The gentlebirth.org website is provided courtesy of
Ronnie Falcao, LM MS, a homebirth midwife in Mountain View, CA
An interactive resource for moms on easy steps they can take to reduce exposure to chemical toxins during pregnancy.
Other excellent resources about avoiding toxins during pregnancy
These are easy to read and understand and are beautifully presented.
I had to do a lot of research on the safety issue before overcoming my personal bias revering technology. It took me a while to acknowledge that machines are all very good and well for many things, but that they are best used sparingly, if at all, in such a human activity as giving birth.
The best place to start in learning about homebirth is probably the book, "Homebirth" by Sheila Kitzinger. This is the book that tends to convince my techno-oriented friends. She discusses the studies on comparative safety that show that homebirth is safer than hospital birth for all levels of risk, and discusses the things that can go wrong and how they are handled at home, sometimes by transporting to the nearest hospital.
Rahima Baldwin's book, "Special Delivery", is also very helpful, as it's written from the point of view of couples who are planning for a homebirth delivery without necessarily having any professional help at hand. It's even more specific about the variations on normal that could become dangerous and what to do about them.
Since the key to safety for a baby during labor is a relaxed mom who is breathing slowly and deeply to help the baby recover between contractions, I think the safest place for the birth is wherever the mom feels safest. For some women, this is actually the hospital.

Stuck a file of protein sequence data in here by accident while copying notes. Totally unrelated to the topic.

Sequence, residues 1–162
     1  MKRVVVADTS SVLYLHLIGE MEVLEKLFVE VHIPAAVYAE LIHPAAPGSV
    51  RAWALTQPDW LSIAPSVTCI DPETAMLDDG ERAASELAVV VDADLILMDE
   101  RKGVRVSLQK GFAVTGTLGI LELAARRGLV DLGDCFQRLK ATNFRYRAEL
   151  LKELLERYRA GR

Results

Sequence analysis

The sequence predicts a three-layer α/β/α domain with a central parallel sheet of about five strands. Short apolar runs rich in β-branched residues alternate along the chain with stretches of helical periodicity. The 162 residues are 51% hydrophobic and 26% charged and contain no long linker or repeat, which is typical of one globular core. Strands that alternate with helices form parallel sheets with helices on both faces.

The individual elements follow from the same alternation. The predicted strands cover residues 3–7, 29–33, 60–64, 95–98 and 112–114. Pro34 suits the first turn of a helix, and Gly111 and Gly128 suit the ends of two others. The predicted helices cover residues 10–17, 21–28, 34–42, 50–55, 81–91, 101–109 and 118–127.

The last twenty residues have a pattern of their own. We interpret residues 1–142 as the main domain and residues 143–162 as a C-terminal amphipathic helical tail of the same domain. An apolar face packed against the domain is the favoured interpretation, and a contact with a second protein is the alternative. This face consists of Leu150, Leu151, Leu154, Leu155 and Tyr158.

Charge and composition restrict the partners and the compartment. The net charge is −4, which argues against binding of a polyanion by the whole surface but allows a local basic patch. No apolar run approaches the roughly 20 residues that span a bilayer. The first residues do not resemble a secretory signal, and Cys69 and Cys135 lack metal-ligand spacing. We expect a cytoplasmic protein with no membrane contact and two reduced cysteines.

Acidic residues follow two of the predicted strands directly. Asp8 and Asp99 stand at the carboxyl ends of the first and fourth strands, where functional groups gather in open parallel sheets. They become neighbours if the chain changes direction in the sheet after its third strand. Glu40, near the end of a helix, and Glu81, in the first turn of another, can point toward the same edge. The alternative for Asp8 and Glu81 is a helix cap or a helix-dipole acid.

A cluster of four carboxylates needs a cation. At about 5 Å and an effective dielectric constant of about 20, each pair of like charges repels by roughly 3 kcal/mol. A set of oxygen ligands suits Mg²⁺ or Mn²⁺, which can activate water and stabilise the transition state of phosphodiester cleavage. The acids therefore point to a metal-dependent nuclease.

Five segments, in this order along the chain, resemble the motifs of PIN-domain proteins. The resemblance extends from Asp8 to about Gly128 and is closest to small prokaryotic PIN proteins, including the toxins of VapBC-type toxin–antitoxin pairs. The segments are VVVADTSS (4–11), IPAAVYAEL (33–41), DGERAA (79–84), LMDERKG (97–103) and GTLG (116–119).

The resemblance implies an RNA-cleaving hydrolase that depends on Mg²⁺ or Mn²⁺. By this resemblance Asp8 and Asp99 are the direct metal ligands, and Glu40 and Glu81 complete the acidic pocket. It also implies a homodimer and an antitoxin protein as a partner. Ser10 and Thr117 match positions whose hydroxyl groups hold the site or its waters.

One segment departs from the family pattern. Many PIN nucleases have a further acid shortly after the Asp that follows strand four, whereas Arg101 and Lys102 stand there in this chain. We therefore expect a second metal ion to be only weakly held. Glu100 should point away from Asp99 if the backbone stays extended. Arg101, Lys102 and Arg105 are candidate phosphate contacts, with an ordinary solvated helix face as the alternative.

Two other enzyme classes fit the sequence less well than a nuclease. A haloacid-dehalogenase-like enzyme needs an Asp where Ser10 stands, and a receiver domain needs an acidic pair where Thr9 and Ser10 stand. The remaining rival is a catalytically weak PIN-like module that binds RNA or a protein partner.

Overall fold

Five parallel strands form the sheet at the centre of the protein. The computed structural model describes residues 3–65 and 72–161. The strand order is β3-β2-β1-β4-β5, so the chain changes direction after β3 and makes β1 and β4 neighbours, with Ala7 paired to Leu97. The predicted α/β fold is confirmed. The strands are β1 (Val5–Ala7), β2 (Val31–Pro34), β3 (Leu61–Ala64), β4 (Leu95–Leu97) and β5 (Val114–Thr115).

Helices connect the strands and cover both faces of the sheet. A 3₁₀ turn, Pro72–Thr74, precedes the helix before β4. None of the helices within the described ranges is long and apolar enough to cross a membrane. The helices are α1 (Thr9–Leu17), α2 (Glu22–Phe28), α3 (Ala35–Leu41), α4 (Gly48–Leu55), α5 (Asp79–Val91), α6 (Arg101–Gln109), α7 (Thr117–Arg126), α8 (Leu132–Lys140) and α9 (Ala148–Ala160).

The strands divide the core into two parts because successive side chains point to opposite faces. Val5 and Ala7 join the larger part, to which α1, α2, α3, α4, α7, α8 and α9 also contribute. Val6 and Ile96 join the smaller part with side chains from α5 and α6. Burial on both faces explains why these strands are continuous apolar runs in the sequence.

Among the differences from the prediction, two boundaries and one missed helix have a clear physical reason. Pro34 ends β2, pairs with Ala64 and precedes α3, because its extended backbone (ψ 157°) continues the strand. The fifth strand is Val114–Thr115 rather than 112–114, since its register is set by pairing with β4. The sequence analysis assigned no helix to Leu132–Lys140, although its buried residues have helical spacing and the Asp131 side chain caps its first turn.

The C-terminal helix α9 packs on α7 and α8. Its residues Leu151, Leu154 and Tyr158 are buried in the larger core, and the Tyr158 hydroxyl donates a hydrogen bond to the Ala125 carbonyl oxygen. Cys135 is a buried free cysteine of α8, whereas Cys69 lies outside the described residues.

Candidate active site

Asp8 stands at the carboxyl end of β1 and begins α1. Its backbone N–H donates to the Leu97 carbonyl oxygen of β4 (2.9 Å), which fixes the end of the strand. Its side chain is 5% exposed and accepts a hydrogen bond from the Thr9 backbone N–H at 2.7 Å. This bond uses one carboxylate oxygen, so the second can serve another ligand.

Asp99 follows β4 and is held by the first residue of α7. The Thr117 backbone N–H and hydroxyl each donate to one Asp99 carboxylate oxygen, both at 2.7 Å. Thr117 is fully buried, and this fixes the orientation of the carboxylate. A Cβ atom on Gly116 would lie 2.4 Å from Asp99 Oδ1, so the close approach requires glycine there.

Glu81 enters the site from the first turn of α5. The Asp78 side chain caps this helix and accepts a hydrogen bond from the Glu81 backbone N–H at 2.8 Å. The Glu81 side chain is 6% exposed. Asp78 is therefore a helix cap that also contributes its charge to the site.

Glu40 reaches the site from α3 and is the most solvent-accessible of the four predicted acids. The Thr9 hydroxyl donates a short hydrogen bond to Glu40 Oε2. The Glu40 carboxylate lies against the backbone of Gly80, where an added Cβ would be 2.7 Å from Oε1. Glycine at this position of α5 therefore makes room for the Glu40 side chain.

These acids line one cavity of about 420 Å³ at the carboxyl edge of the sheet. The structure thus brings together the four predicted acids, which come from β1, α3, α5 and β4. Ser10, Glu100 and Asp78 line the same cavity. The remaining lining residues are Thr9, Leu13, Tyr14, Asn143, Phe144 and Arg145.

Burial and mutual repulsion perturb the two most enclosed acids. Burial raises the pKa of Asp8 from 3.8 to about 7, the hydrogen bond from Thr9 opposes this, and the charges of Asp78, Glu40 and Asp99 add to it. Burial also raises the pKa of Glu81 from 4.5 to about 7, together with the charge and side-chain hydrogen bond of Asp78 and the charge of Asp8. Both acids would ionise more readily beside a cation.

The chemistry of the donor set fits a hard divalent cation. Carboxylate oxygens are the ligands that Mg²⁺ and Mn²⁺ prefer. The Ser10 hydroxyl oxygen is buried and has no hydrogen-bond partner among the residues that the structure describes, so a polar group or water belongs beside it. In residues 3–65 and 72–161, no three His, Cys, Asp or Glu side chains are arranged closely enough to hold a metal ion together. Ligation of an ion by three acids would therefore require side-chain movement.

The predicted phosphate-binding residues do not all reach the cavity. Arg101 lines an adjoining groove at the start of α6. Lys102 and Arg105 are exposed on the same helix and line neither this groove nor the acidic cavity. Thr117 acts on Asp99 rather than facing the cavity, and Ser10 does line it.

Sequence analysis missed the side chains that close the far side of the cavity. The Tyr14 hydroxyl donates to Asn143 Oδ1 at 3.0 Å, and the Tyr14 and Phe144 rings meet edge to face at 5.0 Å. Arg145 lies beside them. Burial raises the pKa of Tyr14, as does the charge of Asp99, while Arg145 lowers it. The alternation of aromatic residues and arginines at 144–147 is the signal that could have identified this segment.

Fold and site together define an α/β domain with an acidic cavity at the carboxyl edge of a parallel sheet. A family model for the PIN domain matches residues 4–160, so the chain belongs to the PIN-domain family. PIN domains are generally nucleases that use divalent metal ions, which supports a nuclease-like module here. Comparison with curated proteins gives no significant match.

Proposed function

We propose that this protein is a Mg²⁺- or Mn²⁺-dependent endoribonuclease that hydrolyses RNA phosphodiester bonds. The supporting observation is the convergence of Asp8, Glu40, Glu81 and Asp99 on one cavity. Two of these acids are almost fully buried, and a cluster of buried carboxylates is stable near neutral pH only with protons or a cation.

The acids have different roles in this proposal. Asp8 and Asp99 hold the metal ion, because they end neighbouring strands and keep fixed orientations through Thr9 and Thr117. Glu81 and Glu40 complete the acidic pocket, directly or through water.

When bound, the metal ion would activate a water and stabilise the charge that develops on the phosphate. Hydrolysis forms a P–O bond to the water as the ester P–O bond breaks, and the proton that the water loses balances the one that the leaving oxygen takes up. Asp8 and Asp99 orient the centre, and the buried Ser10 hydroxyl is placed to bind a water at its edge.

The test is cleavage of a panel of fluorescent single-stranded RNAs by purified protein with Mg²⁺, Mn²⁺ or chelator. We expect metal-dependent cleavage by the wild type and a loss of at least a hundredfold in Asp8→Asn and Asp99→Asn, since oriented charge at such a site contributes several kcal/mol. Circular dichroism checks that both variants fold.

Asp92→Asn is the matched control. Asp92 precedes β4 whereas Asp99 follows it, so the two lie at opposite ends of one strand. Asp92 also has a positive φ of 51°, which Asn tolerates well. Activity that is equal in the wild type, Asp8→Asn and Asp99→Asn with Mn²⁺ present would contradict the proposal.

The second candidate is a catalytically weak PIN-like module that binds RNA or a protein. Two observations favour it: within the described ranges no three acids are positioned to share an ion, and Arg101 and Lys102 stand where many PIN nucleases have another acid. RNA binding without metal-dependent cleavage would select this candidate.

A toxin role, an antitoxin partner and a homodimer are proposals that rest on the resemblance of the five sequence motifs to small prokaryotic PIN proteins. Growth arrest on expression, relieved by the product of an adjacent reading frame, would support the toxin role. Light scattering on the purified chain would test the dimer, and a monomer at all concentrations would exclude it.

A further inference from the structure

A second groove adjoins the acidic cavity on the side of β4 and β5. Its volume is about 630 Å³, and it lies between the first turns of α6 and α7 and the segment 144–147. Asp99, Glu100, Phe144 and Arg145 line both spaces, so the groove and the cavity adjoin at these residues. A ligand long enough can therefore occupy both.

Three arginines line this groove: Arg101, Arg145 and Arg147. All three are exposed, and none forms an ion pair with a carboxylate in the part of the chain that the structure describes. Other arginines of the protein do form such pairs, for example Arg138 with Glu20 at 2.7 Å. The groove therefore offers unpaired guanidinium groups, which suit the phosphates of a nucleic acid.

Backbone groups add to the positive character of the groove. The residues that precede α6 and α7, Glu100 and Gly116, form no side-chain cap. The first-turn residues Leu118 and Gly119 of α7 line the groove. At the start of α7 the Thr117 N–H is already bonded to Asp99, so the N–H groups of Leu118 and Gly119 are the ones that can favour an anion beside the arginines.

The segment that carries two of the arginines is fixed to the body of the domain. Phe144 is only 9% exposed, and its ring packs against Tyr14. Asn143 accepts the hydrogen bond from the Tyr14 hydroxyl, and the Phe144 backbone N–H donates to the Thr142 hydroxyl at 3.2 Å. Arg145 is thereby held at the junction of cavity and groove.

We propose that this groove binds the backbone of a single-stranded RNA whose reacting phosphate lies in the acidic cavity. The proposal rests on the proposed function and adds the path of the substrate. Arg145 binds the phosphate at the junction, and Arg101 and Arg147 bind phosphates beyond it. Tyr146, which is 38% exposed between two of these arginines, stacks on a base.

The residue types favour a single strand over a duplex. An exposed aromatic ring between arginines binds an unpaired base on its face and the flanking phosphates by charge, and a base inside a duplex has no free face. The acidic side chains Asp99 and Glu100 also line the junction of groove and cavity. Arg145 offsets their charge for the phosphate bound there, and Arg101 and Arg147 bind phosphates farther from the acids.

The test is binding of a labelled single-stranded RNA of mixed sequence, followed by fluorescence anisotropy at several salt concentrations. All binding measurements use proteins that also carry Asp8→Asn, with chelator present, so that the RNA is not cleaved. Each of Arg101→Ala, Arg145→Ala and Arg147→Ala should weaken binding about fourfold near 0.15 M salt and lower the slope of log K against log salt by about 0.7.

However, there are many women who are frightened by their first trip to the hospital, usually on the "hospital tour", where they see the narrow beds, the machines and the generally sanitized environment. There also are women who become frightened that they will become a pawn in the labor and delivery assembly line, driven as it is by protocol. These are rarely issues in homebirth, where the woman and her family have ultimate control over who comes and goes, and what happens where. They are supported at home by the implicit belief that they can do it, that they can do it without mind-altering drugs, and that they will birth vaginally in whatever manner their body directs them.
If you believe that a healthy woman giving birth is a biologically normal
activity, designed to happen without medical intervention, then you are
probably a good candidate for homebirth.
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